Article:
Steam and electric cranes greatly speed up handling
Initially built for river craft, the port was rapidly expanded to handle seagoing vessels: open toward the Elbe with long wharfage and warehouses, as well as railway and road access. Back then, steamers had replaced sailing freighters and the cargo could be loaded with steam and electric cranes, which greatly sped up handling.
Continuously adapted to changing needs
The Port of Hamburg overall as well as the center port, its wharfage and infrastructure, are constantly being adapted to new cargo handling needs, with water areas being enlarged or reduced. By 1936, the Ross Terminal had been expanded eastward, the Hansa Terminal was expanded eastward in 1978 and, by 1997, the Ellerholz Canal and Rodewischhafen harbor basin were finally filled in.
the 1970s, the BUSS Group had been operating first the Ross quay, then later the Hansa Terminal as well. With the end of their lease and the closure of the Hansa Terminal, cargo handling at the Oderhafen basin ended in 2016.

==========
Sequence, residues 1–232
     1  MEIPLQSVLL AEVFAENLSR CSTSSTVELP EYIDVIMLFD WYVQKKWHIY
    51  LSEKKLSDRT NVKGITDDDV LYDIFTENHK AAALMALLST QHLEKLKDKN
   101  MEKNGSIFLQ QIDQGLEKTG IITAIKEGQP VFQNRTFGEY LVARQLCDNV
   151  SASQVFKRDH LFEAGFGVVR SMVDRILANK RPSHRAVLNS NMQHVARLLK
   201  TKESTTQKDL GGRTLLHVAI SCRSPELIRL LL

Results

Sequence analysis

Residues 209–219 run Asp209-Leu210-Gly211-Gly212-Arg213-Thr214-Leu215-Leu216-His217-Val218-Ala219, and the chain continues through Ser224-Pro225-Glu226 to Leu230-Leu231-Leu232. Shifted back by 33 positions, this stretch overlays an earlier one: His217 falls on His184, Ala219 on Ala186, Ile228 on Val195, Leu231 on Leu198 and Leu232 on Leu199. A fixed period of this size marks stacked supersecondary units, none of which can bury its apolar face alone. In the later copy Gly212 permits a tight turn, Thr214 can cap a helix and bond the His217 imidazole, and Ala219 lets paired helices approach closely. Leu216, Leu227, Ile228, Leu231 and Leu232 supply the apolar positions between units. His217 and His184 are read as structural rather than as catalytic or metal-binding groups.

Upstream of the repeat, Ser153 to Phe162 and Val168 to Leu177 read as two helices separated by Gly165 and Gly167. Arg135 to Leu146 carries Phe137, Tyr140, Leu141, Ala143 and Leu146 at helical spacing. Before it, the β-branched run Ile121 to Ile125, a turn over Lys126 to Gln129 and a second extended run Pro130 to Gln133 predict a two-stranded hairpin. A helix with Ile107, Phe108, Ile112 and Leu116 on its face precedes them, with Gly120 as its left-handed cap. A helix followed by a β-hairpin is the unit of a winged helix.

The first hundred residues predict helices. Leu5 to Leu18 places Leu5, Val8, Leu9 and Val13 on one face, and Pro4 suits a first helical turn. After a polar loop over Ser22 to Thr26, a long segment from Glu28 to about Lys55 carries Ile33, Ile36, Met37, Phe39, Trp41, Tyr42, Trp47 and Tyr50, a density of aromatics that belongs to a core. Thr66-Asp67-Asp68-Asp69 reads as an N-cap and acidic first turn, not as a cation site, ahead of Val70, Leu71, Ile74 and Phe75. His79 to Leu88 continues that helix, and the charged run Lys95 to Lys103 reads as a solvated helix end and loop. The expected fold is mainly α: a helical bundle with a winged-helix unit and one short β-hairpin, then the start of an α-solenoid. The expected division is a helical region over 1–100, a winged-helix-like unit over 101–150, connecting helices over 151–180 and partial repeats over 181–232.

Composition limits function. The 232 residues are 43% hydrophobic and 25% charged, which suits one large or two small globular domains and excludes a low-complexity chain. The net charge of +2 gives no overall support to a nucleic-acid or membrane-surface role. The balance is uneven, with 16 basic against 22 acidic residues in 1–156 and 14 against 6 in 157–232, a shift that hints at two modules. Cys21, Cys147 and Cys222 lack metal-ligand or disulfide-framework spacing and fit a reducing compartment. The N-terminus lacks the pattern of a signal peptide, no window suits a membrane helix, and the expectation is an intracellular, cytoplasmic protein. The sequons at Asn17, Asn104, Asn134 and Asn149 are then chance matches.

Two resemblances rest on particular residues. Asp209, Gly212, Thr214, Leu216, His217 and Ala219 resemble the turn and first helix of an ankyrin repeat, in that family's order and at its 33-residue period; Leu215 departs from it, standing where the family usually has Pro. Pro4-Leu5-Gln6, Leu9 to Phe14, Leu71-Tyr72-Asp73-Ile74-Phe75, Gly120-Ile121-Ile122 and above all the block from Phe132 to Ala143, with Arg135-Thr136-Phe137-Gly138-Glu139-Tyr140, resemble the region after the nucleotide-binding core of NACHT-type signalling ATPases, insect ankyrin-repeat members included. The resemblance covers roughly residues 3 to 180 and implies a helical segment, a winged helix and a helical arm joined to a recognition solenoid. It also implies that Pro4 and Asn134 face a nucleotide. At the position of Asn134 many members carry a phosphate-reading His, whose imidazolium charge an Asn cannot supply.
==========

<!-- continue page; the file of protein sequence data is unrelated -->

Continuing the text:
The last historical relics are a workshop on the Ross Terminal from the 1920s that is still being used by European Metal Recycling GmbH as well as three steel bridges from the original port facility (built in 1913, 1922, and 1925) that ran over the now-filled Ellerholz Canal. One of the bridges will likely be used in the future as a pedestrian bridge in the HafenCity quarter.
History: Steinwerder’s seaport undergoing change
On the former island of Steinwerder on the Elbe River, numerous large basins were dug at the start of the 20th century as part of the second major expansion of the port. The future location Steinwerder Süd will thus connect to a tradition of reconstruction and development in this area spanning over 100 years.
Starting in 1904, the Oderhafen harbor basin was excavated to the Süd of the Ellerholzhafen basin, which was constructed back in 1901. In 1907, additional excavation resulted in the Rosshafen basin with the Ross Terminal; at the same time, the Oderhafen basin was expanded eastward. The next step was in 1914, when the city dug the Ellerholz Canal, the Rodewischhafen basin and today’s Travehafen basin, which forms the western part of the current Hansa Terminal.